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An ancient monastery in Armenia is attracting tourists from around the world with its unusual architecture. Carved into the stone mountains, the Geghard monastery is decorated with memorial stones all bearing the sign of the cross.
High in the mountains around 40 kilometers South-East from Yerevan, Armenia, is Kotyak Province, where an ancient Geghard monastery is tucked away.
Every day, this stone marvel attracts people from all over the world.
The monastery is a UNESCO World Heritage Site due to its unique construction. It was partially carved out manually from the basalt mountain, giving it the original name 'Ayrivank', meaning 'the Monastery of the Cave'.
The monastery's main chapel was built in 1215. Its additional buildings were built in the 13th and 14th centuries.
Ruzanna Khachikyan, historian, said, "The only thing we know is that the workers started from a hole for light and then carved everything. And only then, at the final stage, an exit was carved, or a connection with the churches downstairs, or just an exit like here."
The whole monastery complex was built at the site of the sacred spring inside the cave. And even today visitors drink its water, believing it has a special power.
The monastery is famously known as 'Geghard', or more fully 'Geghardavank', which means "the Monastery of the Spear". It got this name from the relics it housed. The most well-known relic was the spear which, as the saying goes, wounded Christ on the Cross and was brought to the monastery by the Apostle Thaddeus.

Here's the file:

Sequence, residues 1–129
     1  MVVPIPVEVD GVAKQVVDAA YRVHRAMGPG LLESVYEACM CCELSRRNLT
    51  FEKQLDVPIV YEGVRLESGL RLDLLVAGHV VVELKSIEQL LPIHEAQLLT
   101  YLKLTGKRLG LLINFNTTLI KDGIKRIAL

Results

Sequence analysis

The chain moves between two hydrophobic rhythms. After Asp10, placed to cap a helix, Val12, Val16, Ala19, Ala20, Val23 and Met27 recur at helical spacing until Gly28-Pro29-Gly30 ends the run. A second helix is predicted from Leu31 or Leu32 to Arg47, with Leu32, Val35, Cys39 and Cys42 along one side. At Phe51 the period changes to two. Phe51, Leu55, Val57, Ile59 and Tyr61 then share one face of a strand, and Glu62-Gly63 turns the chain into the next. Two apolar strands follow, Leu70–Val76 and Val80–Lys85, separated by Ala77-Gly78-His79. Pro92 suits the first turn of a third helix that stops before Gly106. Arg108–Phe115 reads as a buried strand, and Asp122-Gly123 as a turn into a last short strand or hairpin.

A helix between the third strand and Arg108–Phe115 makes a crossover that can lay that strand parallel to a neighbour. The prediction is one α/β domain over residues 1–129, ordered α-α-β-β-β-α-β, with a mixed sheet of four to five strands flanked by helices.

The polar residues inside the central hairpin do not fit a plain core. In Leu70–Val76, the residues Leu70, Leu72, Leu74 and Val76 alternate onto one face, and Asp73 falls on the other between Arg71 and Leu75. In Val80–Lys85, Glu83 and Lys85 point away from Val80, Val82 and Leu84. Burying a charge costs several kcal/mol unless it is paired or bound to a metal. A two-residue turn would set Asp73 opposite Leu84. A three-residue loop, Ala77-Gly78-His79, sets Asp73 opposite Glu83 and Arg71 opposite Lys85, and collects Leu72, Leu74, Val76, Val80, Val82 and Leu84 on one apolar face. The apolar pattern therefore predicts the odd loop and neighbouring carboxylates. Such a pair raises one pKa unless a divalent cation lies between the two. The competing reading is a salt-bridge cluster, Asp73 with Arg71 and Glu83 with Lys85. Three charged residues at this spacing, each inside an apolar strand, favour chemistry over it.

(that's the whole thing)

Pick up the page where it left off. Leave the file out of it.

For centuries, this legend made the monastery a popular place of pilgrimage for Armenian Christians.
The spear is now kept in another place, but the name of the monastery remains.
Today, Geghard is famed due to its numerous caves, several churches within the monastery that were entirely dug out of the cliff rocks, and the engraved and free-standing "khachkars".
Khachkars, which are the cross-bearing carved memorial steles covered with botanical motifs and abstract knotwork patterns, were erected for the salvation of the soul of either a living or a deceased person, or to commemorate a construction of a church, or as a form of protection from natural disasters.
Today ancient Geghard khachkars remain a main attraction for people of all ages and different cultures.